array cannot detect the physical disk.
If a disk drive rebuild fails because of a source drive failure or because the
drive is too small, the MDSM reports a failure of the physical disk even
though the LED state on the drive indicates that the rebuild was aborted
(green for 3 seconds, amber for 3 seconds, then off for 3 seconds).
Self-Monitoring Analysis and Reporting Technology
SMART monitors the internal performance of all physical disk components to
detect faults indicating the potential for physical disk failure. SMART uses
this information to report whether failure is imminent so that a physical disk
can be replaced before failure occurs. The storage array monitors all attached
drives and notifies you when a predicted failure is reported by a physical disk.
Virtual Disks and Disk Groups
When configuring a storage array, you must:
1 Organize the physical disks into disk groups.
2 Create virtual disks within these disk groups.
Planning: MD3600i Series Storage Array Terms and Concepts
39
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3 Provide host server access.
4 Create mappings to associate the virtual disks with the host servers.
NOTE: Host server access must be created before mapping virtual disks.
Disk groups are always created in the unconfigured capacity of a storage array.
Unconfigured capacity is the available physical disk space not already
assigned in the storage array.
Virtual disks are created within the free capacity of a disk group. Free capacity
is the space in a disk group that has not been assigned to a virtual disk.
Virtual Disk States
Table 4-2 describes the various states of the virtual disk, recognized by the
storage array.
Table 4-2. RAID Controller Virtual Disk States
State
Description
Optimal
The virtual disk contains physical disks that are online.
Degraded
The virtual disk with a redundant RAID level contains an inaccessible
physical disk. The system can still function properly, but performance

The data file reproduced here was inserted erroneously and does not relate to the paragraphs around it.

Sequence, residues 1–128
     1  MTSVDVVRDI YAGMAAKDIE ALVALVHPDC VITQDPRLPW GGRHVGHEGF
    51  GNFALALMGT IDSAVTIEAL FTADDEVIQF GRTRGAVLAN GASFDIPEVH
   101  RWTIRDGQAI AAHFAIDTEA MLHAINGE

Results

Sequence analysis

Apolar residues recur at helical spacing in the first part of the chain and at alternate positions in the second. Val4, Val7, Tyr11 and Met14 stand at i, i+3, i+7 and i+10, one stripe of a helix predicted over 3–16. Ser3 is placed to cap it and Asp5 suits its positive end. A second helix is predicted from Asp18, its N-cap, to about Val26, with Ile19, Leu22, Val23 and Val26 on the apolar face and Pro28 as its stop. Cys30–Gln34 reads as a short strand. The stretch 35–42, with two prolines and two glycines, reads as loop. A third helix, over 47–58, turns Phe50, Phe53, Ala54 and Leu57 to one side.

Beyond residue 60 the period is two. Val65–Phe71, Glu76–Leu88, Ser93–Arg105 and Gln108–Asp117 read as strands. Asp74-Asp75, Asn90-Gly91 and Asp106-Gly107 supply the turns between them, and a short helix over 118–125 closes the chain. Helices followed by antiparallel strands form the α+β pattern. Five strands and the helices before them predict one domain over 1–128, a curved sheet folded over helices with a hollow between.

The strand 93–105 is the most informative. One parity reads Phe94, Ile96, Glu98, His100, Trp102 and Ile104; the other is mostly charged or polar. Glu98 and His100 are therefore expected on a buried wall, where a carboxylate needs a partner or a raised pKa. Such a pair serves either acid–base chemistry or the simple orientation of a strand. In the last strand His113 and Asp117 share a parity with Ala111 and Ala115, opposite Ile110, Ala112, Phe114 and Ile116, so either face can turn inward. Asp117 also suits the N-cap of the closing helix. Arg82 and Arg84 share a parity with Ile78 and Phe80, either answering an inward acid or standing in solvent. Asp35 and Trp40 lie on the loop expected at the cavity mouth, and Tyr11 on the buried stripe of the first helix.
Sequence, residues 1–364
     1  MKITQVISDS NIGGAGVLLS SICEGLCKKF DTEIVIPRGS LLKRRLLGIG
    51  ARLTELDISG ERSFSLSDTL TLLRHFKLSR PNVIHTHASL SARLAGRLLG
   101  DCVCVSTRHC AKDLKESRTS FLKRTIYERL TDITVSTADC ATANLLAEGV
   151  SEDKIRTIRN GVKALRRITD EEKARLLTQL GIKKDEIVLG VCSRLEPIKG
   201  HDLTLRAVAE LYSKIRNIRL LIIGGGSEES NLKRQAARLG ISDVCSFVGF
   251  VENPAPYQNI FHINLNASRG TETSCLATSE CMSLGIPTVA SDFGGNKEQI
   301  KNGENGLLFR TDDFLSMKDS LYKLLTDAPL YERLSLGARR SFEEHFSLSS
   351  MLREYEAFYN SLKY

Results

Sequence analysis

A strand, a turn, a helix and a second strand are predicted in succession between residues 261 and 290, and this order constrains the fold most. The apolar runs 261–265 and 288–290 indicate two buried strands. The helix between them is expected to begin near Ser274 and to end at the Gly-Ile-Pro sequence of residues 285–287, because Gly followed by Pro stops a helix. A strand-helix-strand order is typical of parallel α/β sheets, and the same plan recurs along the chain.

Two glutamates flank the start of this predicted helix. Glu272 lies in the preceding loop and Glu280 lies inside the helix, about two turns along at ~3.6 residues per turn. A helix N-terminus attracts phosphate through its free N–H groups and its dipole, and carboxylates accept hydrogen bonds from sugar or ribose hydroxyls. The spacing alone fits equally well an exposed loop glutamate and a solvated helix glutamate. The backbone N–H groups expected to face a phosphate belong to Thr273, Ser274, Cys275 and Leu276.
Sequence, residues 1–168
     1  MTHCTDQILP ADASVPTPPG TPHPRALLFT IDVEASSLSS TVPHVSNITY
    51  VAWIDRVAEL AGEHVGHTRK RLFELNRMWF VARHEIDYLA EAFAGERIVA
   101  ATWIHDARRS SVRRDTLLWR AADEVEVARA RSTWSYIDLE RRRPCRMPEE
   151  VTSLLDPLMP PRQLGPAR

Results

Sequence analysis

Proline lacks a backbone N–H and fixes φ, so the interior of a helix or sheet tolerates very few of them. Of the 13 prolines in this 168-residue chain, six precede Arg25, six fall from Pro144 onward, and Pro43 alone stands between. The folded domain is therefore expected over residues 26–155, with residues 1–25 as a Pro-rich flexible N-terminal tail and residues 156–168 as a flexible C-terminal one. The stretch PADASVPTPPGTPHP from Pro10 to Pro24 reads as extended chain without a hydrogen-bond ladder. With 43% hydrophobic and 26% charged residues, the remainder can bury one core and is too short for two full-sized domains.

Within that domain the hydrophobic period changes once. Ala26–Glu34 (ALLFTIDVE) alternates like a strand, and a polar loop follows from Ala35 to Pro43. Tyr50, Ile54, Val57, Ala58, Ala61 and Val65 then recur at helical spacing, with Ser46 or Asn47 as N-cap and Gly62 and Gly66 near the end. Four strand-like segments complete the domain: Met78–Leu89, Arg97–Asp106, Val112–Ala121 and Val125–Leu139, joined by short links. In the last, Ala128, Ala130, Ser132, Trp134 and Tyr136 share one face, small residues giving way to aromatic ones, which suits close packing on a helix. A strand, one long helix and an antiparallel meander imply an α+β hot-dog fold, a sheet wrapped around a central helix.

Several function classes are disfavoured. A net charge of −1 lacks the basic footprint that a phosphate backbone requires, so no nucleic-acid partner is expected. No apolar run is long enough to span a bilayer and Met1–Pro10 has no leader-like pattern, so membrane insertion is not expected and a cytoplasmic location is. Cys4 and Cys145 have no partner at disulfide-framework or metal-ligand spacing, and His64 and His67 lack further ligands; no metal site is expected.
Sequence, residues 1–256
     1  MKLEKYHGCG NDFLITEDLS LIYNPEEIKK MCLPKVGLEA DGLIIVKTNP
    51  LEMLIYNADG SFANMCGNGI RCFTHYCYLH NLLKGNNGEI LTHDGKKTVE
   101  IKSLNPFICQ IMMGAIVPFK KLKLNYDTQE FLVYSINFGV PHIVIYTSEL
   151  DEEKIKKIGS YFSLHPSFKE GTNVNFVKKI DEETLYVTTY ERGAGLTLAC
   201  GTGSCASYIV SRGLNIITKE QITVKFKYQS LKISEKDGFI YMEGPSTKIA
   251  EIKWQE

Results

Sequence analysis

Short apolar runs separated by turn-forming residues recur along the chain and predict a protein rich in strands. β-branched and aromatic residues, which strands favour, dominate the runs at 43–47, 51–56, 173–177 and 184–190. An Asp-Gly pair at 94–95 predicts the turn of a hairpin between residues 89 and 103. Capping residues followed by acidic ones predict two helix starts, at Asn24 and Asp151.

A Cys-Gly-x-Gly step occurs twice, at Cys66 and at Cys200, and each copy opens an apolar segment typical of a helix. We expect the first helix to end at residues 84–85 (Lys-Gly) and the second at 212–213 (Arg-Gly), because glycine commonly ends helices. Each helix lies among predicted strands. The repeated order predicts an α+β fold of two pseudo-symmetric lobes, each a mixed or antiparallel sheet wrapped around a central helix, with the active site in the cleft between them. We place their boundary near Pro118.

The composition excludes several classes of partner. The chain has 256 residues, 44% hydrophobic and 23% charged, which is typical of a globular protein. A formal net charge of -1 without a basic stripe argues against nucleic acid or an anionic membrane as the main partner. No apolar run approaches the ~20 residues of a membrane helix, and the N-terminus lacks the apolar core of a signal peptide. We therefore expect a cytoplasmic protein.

may be affected and additional disk failures may result in data loss.
Offline
A virtual disk with one or more member disks is in an inaccessible
(failed, missing, or offline) state. Data on the virtual disk is no longer
accessible.
Force online
The storage array forces a virtual disk that is in an Offline state to an
Optimal state. If all the member physical disks are not available, the
storage array forces the virtual disk to a Degraded state. The storage
array can force a virtual disk to an Online state only when a sufficient
number of physical disks are available to support the virtual disk.
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RAID Levels
RAID levels determine the way in which data is written to physical disks.
Different RAID levels provide different levels of accessibility, redundancy, and
capacity.
Using multiple physical disks has the following advantages over using a single
physical disk:
•
Placing data on multiple physical disks (striping) allows input/output (I/O)
operations to occur simultaneously and improve performance.
•
Storing redundant data on multiple physical disks using mirroring or parity
supports reconstruction of lost data if an error occurs, even if that error is
the failure of a physical disk.
Each RAID level provides different performance and protection. You must
select a RAID level based on the type of application, access, fault tolerance,
and data you are storing.
The storage array supports RAID levels 0, 1, 5, 6, and 10. The maximum
number of physical disks that can be used in a disk group depends on the
RAID level:
•
192 for RAID levels 0, 1, and 10
•
30 for RAID levels 5 and 6.
RAID Level Usage
To ensure best performance, you must select an optimal RAID level when you
create a system physical disk. The optimal RAID level for your disk array
depends on:
•
Number of physical disks in the disk array
•
Capacity of the physical disks in the disk array
•
Need for redundant access to the data (fault tolerance)
•
Disk performance requirements
RAID 0
RAID 0 uses disk striping to provide high data throughput, especially for large
files in an environment that requires no data redundancy. RAID 0 breaks the
data down into segments and writes each segment to a separate physical disk.
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I/O performance is greatly improved by spreading the I/O load across many
physical disks. Although it offers the best performance of any RAID level,
RAID 0 lacks data redundancy. Select this option only for non-critical data,
because failure of one physical disk results in the loss of all data. Examples of
RAID 0 applications include video editing, image editing, prepress
applications, or any application that requires high bandwidth.
RAID 1
RAID 1 uses disk mirroring so that data written to one physical disk is
simultaneously written to another physical disk. This RAID level offers fast
performance, the best data availability, and the highest disk overhead. RAID 1
is recommended for small databases or other applications that do not require
large capacity. RAID 1 provides full data redundancy. For example,